First things first: if you are intending to au pair in the USA or The Netherlands, you legally have to go through an agency*. However, for those interested in heading to other countries, there are two options for finding a host family: signing up with an agency, or going it alone online.
Au pair agencies can be found all over the internet. There are, broadly speaking, two different types of au pair agencies: those that charge the au pair a fee, and those that don’t. The agencies that charge the au pair a fee usually claim to offer extra support, both during the application process and during your time as an au pair. Think very carefully before spending any money—be on the look-out for scams and make personal contact with the agency before signing up.
The largest website for finding your own host family is aupairworld.net, but there are many others out there.
Reasons why you might want to use an agency:
If you are going to need a visa, an agency can help you and the family with the necessary paperwork to sort it out. In most countries it is not strictly necessary to go through an agency in order to secure a visa, but they can help explain the process to both parties and ensure that all boxes are ticked.
Most agencies purport to offer support to au pairs in case of emergencies. Heading off alone to a country far from home, where you don’t know anyone and perhaps cannot speak the local language fluently (if at all), can be daunting. It can be reassuring to know that you have someone to call in case it all goes wrong with your host family. In practice however, many agencies are quite ‘hands-off’. It is recommended that you speak to potential agencies to find out what their support for actual au pairs actually entails.
If your first au pair placement doesn’t work out, agencies will usually help you to find a new placement (though reports vary on how hard they actually try for you). Finding a new placement is especially important for those who are in the country on a visa that is tied to their au pair position.
Unfortunately, there are unscrupulous and/or ignorant families out there who don’t follow the rules. It can be very hard for lot of au pairs to enforce their rights once they are in the foreign country and living under the family’s roof. Ideally, families who have gone through agencies to find their au pair will have been briefed on their responsibilities under the program and been vetted to make sure their situation is appropriate for an au pair.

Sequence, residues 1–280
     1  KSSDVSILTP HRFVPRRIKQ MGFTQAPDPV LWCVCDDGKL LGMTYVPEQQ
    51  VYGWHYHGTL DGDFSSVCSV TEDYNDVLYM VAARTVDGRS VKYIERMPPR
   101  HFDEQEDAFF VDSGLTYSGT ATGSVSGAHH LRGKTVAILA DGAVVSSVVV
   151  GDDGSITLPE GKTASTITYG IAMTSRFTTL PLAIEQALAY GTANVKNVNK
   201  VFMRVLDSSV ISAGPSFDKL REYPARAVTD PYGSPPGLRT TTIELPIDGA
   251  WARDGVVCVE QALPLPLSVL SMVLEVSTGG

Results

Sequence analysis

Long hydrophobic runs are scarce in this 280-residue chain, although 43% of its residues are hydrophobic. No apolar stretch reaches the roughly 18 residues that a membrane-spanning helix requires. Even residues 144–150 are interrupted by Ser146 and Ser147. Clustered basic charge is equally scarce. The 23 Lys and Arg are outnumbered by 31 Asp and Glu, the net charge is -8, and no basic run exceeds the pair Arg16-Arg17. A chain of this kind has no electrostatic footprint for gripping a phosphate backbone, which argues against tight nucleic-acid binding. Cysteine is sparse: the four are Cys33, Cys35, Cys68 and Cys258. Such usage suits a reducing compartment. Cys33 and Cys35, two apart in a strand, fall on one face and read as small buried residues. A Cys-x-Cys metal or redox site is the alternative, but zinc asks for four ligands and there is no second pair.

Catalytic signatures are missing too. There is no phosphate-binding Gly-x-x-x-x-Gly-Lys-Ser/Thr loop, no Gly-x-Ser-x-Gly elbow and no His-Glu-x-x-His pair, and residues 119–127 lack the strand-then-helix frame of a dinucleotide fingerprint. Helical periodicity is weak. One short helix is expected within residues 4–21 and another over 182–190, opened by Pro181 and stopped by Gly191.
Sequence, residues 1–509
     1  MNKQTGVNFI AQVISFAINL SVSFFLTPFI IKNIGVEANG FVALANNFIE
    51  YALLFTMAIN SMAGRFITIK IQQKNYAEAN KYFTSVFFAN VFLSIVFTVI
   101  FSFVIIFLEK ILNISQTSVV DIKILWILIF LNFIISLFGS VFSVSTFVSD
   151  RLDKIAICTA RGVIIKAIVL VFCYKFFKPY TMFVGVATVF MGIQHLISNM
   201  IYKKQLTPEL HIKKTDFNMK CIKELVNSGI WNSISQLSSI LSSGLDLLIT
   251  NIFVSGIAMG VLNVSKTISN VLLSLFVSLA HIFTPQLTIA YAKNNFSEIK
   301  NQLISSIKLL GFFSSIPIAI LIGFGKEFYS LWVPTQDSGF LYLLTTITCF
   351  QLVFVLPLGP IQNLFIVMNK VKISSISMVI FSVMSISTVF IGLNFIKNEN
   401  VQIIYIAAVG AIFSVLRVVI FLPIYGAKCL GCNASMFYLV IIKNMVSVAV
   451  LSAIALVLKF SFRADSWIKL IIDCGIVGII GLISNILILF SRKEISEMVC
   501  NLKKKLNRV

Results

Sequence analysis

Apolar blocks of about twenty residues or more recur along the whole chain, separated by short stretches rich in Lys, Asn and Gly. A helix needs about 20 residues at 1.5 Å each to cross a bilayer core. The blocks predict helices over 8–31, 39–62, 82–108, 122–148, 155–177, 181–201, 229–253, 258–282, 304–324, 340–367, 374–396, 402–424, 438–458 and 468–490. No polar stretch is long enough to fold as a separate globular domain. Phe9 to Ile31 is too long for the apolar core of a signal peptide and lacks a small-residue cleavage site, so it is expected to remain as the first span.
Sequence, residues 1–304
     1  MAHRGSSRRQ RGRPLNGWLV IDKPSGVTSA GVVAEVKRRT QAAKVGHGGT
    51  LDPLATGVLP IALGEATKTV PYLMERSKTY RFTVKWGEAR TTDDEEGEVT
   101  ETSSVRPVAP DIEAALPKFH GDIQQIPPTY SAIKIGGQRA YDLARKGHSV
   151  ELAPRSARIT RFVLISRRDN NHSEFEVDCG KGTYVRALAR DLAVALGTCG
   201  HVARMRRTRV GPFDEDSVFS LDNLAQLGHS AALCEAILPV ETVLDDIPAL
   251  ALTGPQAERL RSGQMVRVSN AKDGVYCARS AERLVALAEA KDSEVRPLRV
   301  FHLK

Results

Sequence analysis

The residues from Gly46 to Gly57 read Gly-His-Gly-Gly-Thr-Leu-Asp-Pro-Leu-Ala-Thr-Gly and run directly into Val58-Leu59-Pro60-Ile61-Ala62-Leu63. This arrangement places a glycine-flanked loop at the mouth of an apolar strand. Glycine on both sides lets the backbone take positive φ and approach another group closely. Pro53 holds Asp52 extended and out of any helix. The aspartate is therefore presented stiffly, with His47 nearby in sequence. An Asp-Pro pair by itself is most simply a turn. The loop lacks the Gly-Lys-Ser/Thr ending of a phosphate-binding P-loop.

If you do decide to go it alone, become familiar with the au pair rules (hours of work, minimum pay, etc) in the country you are going to, and make sure that potential families intend to follow these rules.
Exposure to More Families
Some families only search for au pairs through an agency. This means that if you’re just looking online yourself, you won’t be exposed to those particular families. Exposure to more families is especially important if you have specific requirements for your au pair placement (location, diet, religion…) and are worried about finding a suitable family. Plus, as long as the agency doesn’t charge the au pair a fee, you haven’t got much to lose by signing up!
Reasons to go it alone online:
Some au pair websites charge a small fee to be able to message potential families (not unlike a dating website), but this is rarely substantial. When it comes to agencies that charge the au pair fees, the extra cost is a definite downside. An agency that doesn’t charge anything may seem like the perfect choice for you, but nearly all agencies charge host families a substantial amount of money. It can be harder to secure a higher pay rate if you go through an agency, as the actual cost to the family of having an au pair is already higher.
Reduced Negotiating Power
It is not just because families have to pay extra fees that it is harder to secure a higher pay rate through an agency. Many agencies use the low legal minimum monthly au pair salary as a way of attracting families to the program. These families are unlikely to want to pay more!
Additionally, many agencies make policies regarding whether families have to pay for your language courses, transport passes and flight from your home country. If the agency tells the family they do not have to pay for these things, you will find it difficult to negotiate to receive them.
With a lot of agencies, the au pair submits their profile and then waits for interested families to be sent through to them. In contrast, searching online means that you can send personalized messages to as many families as you like. For those who don’t like just sitting around and waiting, searching online is a much better way to feel in control of your search for an au pair placement.
Why not do both?
Going through an agency and going it alone online are not mutually exclusive options when looking for a host family. As long as the agency doesn’t charge potential au pairs a fee, why not try both options out?
*Technically you can find your family online first and then sign up with an agency together (pre-match), so some of these tips are still relevant.
Other useful posts about au pairing:
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About the author: Melanie Holt is a self-proclaimed nerdy Australian living in Belgium. She loves fries, train travel and exploring the heartland of the USA.
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